The latest debate over childhood obesity involves a possible ban on chocolate milk in some U.S. schools.
Proponents of the law argue that flavored milks contain high amounts of sugar, some as much as an eight-ounce can of soda.
"Chocolate milk is soda in drag," said Ann Cooper, director of nutrition services for the Boulder Valley School District in Louisville, Colo., which has banned flavored milk.
"It works as a treat in homes, but it doesn't belong in schools," she said.
But many nutritionists warn against such laws, noting that even flavored milk contains nine essential nutrients, like calcium and vitamin D.
Several groups -- including the School Nutrition Association, American Academy of Pediatrics, American Dietetic Association, American Heart Association, and National Medical Association -- have already released a joint statement in support of such beverages.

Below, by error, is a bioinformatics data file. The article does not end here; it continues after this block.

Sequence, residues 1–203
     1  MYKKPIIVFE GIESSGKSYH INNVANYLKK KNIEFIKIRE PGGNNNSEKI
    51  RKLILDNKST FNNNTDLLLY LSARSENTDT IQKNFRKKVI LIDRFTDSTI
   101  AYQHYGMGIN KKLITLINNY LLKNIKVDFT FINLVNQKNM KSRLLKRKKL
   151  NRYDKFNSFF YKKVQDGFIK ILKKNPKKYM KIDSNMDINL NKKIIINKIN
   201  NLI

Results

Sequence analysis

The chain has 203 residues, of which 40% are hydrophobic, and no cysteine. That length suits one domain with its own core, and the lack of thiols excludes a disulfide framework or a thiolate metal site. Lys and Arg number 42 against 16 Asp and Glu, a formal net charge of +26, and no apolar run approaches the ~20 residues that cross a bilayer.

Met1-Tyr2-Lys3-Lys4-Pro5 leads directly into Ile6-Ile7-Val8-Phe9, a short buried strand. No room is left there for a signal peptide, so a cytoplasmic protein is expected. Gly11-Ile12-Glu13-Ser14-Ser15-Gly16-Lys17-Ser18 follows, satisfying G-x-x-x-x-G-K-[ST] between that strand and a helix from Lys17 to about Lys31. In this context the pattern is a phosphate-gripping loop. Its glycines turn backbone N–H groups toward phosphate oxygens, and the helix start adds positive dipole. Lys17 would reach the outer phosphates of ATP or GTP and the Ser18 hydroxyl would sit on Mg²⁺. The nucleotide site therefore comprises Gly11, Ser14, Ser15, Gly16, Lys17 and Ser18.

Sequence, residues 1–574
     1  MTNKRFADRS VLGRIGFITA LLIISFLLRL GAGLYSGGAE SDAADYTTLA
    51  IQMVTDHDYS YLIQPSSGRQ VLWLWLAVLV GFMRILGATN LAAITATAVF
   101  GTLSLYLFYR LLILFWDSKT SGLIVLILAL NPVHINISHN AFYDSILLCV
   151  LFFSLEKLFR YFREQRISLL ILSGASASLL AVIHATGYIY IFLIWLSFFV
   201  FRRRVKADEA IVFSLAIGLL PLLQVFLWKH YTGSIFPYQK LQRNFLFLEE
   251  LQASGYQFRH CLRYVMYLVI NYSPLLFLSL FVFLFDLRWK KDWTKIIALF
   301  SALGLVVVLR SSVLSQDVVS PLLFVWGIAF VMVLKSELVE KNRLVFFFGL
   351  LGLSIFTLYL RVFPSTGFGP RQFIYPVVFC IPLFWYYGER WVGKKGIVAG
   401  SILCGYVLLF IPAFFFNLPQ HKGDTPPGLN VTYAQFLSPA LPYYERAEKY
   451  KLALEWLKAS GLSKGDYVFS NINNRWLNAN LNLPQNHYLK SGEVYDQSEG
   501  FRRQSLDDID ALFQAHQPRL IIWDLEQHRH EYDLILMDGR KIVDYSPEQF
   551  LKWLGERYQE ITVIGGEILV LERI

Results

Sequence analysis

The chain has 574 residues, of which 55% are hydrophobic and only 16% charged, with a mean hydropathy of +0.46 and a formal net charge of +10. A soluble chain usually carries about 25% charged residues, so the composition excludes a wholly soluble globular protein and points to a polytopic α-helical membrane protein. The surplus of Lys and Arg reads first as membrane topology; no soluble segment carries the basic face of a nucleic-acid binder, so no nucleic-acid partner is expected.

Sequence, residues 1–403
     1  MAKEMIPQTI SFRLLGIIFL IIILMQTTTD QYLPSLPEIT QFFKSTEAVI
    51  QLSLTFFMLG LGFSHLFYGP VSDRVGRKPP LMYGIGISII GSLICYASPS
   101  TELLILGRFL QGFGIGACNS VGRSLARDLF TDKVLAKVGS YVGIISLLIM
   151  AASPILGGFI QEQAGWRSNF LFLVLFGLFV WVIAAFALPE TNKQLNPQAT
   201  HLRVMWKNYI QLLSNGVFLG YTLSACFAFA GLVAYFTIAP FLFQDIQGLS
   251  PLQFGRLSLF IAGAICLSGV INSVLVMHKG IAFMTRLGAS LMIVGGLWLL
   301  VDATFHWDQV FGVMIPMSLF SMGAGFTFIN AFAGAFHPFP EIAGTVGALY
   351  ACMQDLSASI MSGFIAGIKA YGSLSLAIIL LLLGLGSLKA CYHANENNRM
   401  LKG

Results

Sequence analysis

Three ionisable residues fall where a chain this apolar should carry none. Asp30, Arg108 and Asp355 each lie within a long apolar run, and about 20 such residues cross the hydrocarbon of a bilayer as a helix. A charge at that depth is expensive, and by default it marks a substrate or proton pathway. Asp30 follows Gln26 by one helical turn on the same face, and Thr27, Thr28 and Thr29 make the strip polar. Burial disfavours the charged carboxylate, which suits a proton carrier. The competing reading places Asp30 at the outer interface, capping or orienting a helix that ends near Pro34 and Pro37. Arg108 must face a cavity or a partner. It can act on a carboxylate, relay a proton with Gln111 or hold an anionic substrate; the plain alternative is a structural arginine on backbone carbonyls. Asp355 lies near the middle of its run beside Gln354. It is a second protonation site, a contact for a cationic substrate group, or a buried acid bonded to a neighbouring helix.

The statement pointed out that studies show that children who drink fat-free, flavored milk are no heavier than those don't drink milk.
John Deasy, the superintendent of Los Angeles Unified, the second-largest school district in the country, announced he'll be pushing the ban this summer. Other school systems have backed off the idea.